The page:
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BRUSSELS, March 2. /TASS/. Russia and the European Commission agreed on Monday that Klaus-Dieter Borchardt, director for energy markets at the European Commission, will pay a visit to Moscow to discuss OPAL gas pipeline project among other issues, Russian Energy Minister Alexander Novak said.
Novak met on Wednesday with Maros Sefcovic, a deputy head of the European Commission, ahead of trilateral talks in Brussels (Russia, Ukraine, EU) on the Russian natural gas supplies to Ukraine and Europe.
"We have agreed that Borchardt will come to Moscow with proposals on structural changes," Novak said. "On the whole we have a general understanding that it is necessary to resume energy dialogue and start detailed discussions."
Last December Novak announced that Russian energy giant Gazprom intended to reapply to the European Commission for using 100% of the capacities of the OPAL gas pipeline.
The European Commission announced in mid-December that it had terminated the procedure of exempting the OPAL gas pipeline from the Third Energy Package, which requires the separation of gas production, transportation and sale to prevent gas suppliers from dominating the infrastructure.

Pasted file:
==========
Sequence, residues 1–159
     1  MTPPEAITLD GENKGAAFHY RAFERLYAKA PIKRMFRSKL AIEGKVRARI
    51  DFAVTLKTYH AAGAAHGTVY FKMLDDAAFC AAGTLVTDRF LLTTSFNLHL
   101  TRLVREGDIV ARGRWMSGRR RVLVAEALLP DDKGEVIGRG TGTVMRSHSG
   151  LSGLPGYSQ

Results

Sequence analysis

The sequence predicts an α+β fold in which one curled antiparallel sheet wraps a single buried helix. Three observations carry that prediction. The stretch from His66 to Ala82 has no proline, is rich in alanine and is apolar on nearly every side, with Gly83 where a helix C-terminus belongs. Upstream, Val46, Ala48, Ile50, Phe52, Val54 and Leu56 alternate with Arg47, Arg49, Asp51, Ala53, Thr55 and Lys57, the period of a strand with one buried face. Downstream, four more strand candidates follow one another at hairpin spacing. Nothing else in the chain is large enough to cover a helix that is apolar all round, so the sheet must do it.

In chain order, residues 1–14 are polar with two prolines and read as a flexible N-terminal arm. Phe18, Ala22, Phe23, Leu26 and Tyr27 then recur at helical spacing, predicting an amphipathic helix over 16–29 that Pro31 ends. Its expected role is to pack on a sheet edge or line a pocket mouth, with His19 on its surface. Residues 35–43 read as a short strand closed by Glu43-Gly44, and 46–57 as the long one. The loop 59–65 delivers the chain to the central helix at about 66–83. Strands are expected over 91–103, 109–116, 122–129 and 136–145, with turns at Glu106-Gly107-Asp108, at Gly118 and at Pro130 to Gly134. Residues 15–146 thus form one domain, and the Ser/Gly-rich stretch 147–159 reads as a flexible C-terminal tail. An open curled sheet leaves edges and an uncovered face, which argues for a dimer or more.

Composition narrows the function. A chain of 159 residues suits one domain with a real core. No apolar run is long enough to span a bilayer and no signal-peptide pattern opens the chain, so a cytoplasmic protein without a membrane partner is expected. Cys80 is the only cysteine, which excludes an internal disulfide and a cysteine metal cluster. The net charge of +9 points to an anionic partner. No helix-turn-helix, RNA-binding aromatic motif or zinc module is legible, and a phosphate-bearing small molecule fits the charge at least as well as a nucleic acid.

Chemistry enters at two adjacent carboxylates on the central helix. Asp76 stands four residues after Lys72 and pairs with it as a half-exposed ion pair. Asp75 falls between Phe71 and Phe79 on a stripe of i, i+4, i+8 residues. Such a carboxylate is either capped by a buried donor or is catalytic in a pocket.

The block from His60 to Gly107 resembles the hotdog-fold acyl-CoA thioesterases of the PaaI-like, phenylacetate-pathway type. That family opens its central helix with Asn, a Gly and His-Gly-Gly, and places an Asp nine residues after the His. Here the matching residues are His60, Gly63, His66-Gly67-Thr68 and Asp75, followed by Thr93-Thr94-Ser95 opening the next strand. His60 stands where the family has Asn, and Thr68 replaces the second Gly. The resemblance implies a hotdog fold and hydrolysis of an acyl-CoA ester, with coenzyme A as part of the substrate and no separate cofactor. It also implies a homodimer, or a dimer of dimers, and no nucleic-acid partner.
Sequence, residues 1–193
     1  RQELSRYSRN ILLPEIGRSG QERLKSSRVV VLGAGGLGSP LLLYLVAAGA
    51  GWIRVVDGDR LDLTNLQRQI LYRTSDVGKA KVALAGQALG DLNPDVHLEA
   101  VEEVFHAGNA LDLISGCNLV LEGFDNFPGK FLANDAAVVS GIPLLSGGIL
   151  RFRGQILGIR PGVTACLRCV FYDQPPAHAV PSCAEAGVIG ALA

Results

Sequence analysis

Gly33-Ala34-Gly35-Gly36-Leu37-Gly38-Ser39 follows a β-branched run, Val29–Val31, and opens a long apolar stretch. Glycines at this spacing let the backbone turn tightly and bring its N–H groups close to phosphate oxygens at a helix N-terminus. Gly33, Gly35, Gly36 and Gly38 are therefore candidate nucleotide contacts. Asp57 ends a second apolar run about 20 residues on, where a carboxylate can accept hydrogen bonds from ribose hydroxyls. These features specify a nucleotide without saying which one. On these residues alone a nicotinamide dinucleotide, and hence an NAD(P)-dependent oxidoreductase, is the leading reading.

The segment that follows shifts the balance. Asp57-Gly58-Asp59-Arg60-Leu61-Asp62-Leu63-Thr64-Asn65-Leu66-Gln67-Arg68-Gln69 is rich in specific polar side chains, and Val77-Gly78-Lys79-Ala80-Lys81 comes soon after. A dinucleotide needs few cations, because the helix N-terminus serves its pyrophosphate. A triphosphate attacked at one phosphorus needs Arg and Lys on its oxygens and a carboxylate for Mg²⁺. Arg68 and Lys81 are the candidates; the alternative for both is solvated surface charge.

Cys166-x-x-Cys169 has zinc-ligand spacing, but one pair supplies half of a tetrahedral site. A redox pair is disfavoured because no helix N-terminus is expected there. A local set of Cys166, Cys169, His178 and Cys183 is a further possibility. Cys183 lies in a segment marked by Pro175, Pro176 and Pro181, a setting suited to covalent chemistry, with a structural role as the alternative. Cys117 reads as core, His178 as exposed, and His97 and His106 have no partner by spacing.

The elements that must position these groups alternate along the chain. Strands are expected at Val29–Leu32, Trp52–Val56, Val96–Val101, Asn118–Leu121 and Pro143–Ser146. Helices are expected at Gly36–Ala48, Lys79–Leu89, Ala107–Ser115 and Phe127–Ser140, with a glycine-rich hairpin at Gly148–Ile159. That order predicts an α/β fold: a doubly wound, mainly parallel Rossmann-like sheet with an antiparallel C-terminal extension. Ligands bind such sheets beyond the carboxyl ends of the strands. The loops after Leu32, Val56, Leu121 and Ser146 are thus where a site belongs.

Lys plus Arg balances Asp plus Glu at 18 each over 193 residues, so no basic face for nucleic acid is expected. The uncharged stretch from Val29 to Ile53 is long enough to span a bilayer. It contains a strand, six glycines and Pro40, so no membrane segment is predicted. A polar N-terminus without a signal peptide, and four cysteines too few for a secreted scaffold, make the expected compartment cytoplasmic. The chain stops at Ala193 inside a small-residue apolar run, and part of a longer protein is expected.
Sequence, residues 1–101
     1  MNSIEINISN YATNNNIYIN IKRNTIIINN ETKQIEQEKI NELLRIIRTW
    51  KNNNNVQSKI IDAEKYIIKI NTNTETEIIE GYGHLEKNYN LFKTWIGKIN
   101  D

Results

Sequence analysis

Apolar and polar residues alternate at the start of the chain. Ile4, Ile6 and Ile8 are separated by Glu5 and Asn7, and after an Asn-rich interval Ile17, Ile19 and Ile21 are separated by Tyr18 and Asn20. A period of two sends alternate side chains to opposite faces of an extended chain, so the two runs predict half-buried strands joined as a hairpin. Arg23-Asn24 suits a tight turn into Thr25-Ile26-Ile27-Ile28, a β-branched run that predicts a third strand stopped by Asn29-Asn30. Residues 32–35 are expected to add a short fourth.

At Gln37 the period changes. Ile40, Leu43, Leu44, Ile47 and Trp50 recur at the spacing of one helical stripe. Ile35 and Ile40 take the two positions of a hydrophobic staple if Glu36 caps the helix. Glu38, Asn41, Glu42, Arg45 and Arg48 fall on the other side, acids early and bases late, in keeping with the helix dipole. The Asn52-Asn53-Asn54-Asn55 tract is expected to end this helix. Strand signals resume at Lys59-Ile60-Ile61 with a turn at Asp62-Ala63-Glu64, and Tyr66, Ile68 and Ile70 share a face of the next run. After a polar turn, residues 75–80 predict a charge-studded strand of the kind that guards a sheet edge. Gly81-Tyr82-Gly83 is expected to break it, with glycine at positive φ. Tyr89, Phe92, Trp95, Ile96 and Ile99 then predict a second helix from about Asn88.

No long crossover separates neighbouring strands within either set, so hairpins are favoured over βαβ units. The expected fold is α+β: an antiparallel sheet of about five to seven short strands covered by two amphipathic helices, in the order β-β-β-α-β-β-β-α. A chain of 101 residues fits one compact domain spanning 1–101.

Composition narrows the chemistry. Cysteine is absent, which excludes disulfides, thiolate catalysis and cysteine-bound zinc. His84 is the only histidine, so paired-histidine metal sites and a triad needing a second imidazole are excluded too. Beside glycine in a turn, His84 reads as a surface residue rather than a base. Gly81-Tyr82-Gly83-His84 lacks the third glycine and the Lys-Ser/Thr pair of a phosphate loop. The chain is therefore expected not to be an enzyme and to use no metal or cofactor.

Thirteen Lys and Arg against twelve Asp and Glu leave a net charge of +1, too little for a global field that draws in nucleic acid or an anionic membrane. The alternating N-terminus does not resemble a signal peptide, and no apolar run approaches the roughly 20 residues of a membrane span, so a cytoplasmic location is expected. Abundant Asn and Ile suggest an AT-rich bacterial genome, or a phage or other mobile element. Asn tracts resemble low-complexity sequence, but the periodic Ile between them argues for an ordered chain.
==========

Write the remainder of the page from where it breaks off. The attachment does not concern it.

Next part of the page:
Also, Gazprom has not given its consent to extending the deadline for the terms of an agreement with Germany’s Federal Network Agency. As a result, major changes in exempting Gazprom from the Third Energy Package have become invalid.
The OPAL gas pipeline, which has an annual capacity of 36 billion cubic meters and runs along Germany’s eastern border, provides a link from Russia’s Nord Stream gas pipe running under the Baltic Sea to Europe’s existing gas transport networks. The Opal pipeline pumps Russian natural gas across Germany and farther to the Czech Republic.
Under the rules of the Third Energy Package, Gazprom is required to reserve up to 50% of the OPAL gas pipeline’s capacities for gas transportation by independent gas suppliers.
Gazprom turned to the European Commission in late 2013 with a request to exclude the OPAL gas pipeline from the rules of the Third Energy Package and use 100% of the pipeline's capacities.
The German Economy Ministry has insisted on providing full access for Gazprom to the OPAL pipeline over the threat of interruptions in Russia’s natural gas transit via Ukraine.
Under the norms of Europe’s Third Energy Package, a part of the OPAL gas pipeline capacities must be reserved for independent suppliers. In practice, however, this reservation only limits Russian natural gas supplies to Europe via the Nord Stream gas pipeline, which is currently the most reliable transit route to Europe amid the existing risks of gas supplies across Ukraine.